When Valentina moves to a new town with her mother, she has the normal worries any teenager would – wanting her freedom and to make friends. But as a transgender teen in Brazil, she risks facing significant challenges and stigmas within her school and local communities if she cannot get her absent father to sign documentation. Her situation is made worse when she suffers a traumatic incident at a party once separated from her friends.
Valentina is a story about a trans teenager, but there is so much more to the film than just this. Not focussing on the transition story, but instead, Valentina’s human want and desire to live her life, to have the freedom to go to school and see her friends and walk down the street, it allows further discussion of the traumas faced by young teens of any gender in society. A warning that there are issues of sexual assault and consent within the film, but these are handled with grace and maturity both from the characters on screen and the direction and writing from Cássio Pereira dos Santos.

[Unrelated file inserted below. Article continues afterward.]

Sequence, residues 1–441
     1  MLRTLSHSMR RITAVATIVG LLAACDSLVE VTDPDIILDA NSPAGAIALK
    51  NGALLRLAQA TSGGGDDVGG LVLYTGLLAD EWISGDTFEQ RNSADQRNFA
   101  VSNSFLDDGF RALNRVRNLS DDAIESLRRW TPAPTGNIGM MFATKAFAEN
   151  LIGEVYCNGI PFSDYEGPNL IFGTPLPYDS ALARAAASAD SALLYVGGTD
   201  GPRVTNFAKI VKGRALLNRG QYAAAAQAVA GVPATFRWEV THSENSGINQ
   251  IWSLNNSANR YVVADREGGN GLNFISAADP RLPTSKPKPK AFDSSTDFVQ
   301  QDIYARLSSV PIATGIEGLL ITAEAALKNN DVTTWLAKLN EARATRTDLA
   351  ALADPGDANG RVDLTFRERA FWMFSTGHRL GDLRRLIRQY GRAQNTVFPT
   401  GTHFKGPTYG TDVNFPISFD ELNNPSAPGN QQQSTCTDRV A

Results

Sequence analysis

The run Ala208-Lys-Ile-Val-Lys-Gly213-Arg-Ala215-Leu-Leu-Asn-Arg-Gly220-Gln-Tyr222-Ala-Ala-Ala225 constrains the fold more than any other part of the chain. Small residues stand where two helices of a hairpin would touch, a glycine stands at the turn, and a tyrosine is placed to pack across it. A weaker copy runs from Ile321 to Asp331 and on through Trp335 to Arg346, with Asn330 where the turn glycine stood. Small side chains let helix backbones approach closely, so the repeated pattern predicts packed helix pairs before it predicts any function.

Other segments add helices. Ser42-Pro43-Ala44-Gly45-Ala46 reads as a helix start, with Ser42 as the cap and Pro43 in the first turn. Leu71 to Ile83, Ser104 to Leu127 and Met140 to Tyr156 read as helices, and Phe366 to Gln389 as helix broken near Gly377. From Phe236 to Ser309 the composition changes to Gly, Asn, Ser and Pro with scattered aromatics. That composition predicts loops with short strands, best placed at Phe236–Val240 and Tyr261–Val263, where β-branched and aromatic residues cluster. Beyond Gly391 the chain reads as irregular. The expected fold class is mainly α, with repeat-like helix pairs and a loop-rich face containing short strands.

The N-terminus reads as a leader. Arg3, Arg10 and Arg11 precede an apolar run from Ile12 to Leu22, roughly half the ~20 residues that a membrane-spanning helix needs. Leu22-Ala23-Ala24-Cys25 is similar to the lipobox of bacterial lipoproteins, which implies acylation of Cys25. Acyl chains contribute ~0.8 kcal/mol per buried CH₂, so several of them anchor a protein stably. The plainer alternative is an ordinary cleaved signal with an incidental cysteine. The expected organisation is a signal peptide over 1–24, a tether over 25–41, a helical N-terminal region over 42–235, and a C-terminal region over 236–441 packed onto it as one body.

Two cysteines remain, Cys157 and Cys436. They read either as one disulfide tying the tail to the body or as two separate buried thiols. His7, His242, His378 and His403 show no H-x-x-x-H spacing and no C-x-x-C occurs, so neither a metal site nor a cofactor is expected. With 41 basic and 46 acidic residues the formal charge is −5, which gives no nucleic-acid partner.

Grounding the film are two central performances from the titular Valentina played by Thiessa Woinbackk and her mother Márcia played by Guta Stresser.
In her first lead performance, Woinbackk delivers an outstanding portrayal of someone who just wants to live their life unbothered. Selling scenes of joyous fun with her classmates down to more intense scenes of harassment or vulnerable scenes dealing with her father, she’s able to hit every note with ease and make sure it’s an honest but moving portrayal. Stresser plays her mother, bringing such warmth to the role but also portraying sheer determination and strength – the writing of Márcia is beautiful and Stresser embodies this. If there was an award for a fictional mother, she not only wins it for 2021 but is a firm contender for the hall of fame. A beautiful scene where Valentina confides her troubles to her mother midway through the film cements their bond and is the true heart and force of the movie.
The supporting cast are equally strong, quickly become friends with classmates – one gay, the other pregnant – the film is able to cover a lot of ground with Valentina’s dedicated support network, as well as through her opposers.
Whilst dealing with a myriad of sensitive and difficult issues, Valentina is at its heart a feel-good and affirming film. It reminds the audience to think of the human, not the label – highlighted even more so by the real-life statistics at the end of the film.
See all photos >>
Ex film teacher and frequent couch potato. I try and see at least one new release a week, but I’ve somehow got to 30 without having seen The Godfather?